Copper Nanowire Foams for Reusable Air Filters

Copper Nanowire Foams for Reusable Air Filters

Author: ChemistryViews.org

The COVID-19 pandemic has led to recommendations or requirements for the use of face masks in many public places. Face masks can filter aerosol particles, such as those released by a cough or sneeze, and help to reduce the spread of diseases, including COVID-19. Particles smaller than 0.3 µm can stay airborne for hours, so materials that can trap these particles are useful for face masks and air filters. However, many types of these filtering materials are fragile and not easy to wash or disinfect. This prevents their reuse and leads to large amounts of waste. Metal foams, in contrast, are durable as well as recyclable, and their small pores and large surface areas suggest they could effectively filter out infectious aerosols.

Kai Liu, Georgetown University, Washington, D.C. and University of California, Davis, both USA, and colleagues have developed copper nanowire foams that can effectively remove submicron-sized aerosols and are durable enough to be decontaminated and reused. The team prepared the metal foams from copper nanowires that were made by electrochemical deposition using anodized aluminum oxide templates. A nanowire-water suspension was then freeze-cast in the desired shape using liquid nitrogen. The ice was sublimated in a vacuum to give a free-standing metal foam. The foam was strengthened by sintering, multiple oxidation/reduction cycles using air and an H2/N2 mixture, and a second electrodeposited copper layer.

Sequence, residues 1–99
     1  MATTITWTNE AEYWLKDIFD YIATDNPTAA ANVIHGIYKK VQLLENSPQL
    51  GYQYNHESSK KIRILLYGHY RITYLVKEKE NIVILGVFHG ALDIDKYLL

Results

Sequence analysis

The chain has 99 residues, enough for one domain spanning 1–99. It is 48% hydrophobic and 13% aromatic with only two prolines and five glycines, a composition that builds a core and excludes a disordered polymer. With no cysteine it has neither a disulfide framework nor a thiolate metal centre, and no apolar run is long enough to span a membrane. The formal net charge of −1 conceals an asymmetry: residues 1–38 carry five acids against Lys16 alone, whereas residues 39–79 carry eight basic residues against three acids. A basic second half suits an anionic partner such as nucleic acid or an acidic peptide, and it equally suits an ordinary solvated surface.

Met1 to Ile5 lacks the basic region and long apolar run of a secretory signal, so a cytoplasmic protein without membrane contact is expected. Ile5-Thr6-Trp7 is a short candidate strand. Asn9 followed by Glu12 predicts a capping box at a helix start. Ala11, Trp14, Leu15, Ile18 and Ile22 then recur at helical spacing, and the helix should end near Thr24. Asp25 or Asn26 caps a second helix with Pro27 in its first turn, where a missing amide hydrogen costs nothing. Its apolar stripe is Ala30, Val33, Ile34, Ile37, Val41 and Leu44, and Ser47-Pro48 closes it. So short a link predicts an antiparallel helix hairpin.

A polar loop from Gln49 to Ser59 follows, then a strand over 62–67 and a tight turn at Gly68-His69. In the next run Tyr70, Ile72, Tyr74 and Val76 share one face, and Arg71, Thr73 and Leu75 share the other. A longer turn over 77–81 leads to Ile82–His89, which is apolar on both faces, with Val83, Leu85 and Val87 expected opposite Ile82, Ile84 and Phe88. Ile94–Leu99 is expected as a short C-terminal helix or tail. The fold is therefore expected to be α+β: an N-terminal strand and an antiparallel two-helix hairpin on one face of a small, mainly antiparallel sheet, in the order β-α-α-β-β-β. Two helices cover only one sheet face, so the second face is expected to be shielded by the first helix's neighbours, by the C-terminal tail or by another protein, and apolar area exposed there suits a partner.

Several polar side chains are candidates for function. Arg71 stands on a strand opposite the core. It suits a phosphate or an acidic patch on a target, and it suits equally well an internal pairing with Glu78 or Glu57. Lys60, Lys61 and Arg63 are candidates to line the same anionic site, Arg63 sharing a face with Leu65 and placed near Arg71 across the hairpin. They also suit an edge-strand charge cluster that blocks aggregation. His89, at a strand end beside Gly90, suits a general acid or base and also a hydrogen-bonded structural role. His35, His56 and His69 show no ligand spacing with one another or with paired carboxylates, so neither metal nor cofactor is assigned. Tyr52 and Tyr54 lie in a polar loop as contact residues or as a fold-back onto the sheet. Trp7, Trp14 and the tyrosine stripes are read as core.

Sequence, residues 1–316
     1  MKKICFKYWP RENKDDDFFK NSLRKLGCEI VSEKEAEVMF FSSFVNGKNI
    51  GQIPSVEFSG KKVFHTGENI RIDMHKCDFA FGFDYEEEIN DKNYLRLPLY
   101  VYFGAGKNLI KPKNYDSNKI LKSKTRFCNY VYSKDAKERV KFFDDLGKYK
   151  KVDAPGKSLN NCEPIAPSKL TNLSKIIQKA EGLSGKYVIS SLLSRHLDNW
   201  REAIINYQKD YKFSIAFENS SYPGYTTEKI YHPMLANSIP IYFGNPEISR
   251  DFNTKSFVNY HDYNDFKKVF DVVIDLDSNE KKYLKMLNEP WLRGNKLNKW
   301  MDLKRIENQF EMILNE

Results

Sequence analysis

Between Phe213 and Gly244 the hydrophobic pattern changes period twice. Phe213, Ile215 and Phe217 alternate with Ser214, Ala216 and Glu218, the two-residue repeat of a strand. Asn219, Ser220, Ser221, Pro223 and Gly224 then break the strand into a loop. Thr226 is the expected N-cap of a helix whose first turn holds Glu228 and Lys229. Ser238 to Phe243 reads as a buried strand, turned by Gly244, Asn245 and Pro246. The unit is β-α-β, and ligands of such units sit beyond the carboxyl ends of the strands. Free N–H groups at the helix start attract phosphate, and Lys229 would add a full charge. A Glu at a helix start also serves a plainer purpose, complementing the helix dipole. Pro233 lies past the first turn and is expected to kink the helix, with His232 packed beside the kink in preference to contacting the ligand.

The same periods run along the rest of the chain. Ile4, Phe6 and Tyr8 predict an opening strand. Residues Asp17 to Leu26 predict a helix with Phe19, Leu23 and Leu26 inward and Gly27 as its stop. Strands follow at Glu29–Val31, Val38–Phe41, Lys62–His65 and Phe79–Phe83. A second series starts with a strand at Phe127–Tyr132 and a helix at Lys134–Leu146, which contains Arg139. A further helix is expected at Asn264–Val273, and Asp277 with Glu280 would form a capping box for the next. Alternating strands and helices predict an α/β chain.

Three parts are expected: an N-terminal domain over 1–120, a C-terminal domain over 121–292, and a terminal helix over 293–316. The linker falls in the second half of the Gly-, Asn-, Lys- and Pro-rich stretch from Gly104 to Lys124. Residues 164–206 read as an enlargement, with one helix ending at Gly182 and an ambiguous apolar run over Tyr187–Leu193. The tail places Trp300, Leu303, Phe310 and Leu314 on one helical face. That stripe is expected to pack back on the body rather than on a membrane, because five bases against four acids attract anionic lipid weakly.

The team found that the copper foam holds its form when pressurized and can withstand high air speeds, suggesting it is suitable for air filtration. The metal foams have excellent filtration efficiency for submicron-sized particles. The most effective material in the researchers’ tests was a 2.5 mm-thick foam with copper taking up 15 % of the volume. This foam has a large surface area and trapped 97 % of 0.1-0.4 µm-sized aerosolized NaCl particles, which are commonly used in face mask tests.

According to the researchers, the breathability of the foams is generally comparable to that of commercially available polypropylene N95-type face masks. Because the material is copper-based, the filters should be resistant to disinfection agents, and its antimicrobial properties could help kill trapped pathogens. In addition, the metal foams are recyclable. The researchers estimate that the materials would cost around USD 2 per face mask, and disinfection and reuse could extend their lifetime, making them economically competitive with currently available products.



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